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Entrepreneurship Is Taught Through Life, Not In The Classroom

Yesterday a group of students from my alma mater, the University of Virginia's McIntire School of Commerce, came to visit. They were spending a week in Silicon Valley as part of their spring break.

I've long privately urged McIntire to become more entrepreneur friendly. When I was a student at U.Va. in the late 90's, it was a very unfriendly place for entrepreneurs. It seems that things are finally changing, and the fact that these students were in California on spring break says a lot about their enthusiasm for tech startups. I've also written in the past about how high school students have seemed more receptive and responsive to becoming entrepreneurs than college students. It's almost like if one doesn't get introduced to the hunger to be an entrepreneur at young age, it becomes hard to impossible to stoke it later. But this trip made me feel like there's hope for helping people find a passion for entrepreneurship later in life. No matter what, though, I stressed to the students that came to visit that the passion had to come from within them. The best a school can do is support those that want it badly enough to try.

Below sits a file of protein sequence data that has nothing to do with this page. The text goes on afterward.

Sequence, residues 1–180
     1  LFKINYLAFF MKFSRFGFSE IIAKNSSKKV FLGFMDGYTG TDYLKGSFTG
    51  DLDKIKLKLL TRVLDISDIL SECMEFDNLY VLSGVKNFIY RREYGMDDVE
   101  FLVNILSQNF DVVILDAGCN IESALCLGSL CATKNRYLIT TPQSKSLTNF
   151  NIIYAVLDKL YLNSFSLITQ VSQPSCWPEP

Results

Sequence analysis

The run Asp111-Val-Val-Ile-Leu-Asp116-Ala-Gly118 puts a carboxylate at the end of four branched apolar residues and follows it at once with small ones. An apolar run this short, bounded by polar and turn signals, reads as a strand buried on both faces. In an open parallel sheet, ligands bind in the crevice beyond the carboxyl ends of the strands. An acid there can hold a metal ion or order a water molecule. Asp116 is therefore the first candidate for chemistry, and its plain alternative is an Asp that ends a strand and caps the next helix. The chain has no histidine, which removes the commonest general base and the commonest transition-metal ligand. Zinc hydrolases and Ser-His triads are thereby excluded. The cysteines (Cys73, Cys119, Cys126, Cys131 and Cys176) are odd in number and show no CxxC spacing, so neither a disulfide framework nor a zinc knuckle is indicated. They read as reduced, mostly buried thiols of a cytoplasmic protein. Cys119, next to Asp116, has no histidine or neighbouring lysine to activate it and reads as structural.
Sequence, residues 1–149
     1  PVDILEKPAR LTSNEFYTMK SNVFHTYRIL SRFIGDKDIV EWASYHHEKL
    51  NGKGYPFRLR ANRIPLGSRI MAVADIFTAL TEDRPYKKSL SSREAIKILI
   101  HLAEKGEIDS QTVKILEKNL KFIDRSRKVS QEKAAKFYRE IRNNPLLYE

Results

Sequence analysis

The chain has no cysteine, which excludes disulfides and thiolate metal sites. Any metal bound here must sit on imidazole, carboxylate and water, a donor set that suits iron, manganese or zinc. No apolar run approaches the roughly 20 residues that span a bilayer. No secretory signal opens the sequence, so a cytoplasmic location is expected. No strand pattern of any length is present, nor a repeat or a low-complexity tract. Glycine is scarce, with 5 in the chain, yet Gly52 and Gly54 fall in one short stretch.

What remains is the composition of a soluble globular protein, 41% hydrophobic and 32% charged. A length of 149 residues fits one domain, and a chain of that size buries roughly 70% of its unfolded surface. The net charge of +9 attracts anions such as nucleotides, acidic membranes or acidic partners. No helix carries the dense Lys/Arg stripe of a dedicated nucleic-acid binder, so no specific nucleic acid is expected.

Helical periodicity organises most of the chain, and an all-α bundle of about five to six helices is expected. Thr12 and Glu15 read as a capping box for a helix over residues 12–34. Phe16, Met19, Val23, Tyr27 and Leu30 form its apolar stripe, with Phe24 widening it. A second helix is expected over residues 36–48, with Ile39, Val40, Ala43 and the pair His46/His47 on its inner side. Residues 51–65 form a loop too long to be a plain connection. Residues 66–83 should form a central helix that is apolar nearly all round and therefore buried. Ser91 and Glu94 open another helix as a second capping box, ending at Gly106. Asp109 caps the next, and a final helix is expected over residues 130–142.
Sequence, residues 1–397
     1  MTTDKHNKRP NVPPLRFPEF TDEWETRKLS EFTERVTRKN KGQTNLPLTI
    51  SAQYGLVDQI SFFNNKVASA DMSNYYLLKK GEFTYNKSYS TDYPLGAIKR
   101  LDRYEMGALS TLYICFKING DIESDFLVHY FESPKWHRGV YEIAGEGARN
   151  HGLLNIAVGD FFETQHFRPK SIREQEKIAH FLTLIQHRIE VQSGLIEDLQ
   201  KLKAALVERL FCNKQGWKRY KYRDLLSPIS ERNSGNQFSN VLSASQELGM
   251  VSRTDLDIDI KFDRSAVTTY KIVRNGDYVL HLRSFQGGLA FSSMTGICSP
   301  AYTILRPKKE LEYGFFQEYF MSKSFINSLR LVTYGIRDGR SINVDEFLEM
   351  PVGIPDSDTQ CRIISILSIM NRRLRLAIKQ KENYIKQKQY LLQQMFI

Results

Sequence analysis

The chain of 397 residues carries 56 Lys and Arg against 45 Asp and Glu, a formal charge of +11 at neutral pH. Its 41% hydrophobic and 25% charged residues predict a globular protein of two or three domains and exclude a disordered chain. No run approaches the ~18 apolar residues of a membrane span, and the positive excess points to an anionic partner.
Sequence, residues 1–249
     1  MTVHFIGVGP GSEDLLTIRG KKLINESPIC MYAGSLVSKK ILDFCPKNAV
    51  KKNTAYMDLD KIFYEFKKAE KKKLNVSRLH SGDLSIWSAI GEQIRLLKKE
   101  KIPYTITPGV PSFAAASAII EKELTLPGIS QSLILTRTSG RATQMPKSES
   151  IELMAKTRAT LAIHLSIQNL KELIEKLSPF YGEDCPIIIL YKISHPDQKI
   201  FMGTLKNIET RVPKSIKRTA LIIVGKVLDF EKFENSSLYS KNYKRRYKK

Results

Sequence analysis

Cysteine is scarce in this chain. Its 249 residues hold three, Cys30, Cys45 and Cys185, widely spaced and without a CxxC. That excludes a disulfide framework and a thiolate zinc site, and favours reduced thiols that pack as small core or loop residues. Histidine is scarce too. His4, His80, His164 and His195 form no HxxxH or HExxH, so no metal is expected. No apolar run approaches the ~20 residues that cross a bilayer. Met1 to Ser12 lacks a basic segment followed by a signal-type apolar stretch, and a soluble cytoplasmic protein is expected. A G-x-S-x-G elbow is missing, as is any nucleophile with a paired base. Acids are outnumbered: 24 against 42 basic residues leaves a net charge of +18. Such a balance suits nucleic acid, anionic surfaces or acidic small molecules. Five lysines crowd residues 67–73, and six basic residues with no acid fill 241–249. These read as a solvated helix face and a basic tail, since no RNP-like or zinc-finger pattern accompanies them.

We spent an hour together, and I shared stories with them about how I paid for college by making UVa-branded Frisbees, and sold a card called the Hoos Savings Club Card. (It was way ahead of it's time -- basically an analog version of a daily deals service like Groupon). Here are some related pics:

I'd go around to shops in the Charlottesville area, get them to agree to provide discounts to students for the school year, print the discounts on the back of the card, and sell the card for $20 to students. For anyone in college today, it's a concept that would work just as well now as it did 15 years ago, and it's a great way to make $20k to $50k while you're in school, if you're willing to have a little bit of hustle.

Go Big or Go Home - Succeeding in the Art World

On SEBASTIAN MARSHALL

My friend Joshua Spodek was kind enough to write about his experiences building out public art exhibitions. One of the lessons he has is counterintuitive - that it can be a faster path to success to get large art projects off the ground than it is to work your way slowly through the art world. Here's Josh -

Art can be an insular field and breaking in is a common challenge, so I'd like to share it with a community that values success and victory. I hope there are insights others can use and share too.

My background is in science and entrepreneurship, but I've developed a passion for making art. I'm not content with just creating it -- like any artist I want exposure and recognition (sales aren't bad either).

The challenge is that New York's art world is notoriously xenophobic and tends to promote from within. My credentials -- a PhD in astrophysics and a company running for over a decade -- mean little to them. Even making great art only gives a foot in the door.

I have a huge challenge that my work doesn't photograph at all and video doesn't capture it that well. When galleries take an interest in my work, a version this conversation happens:

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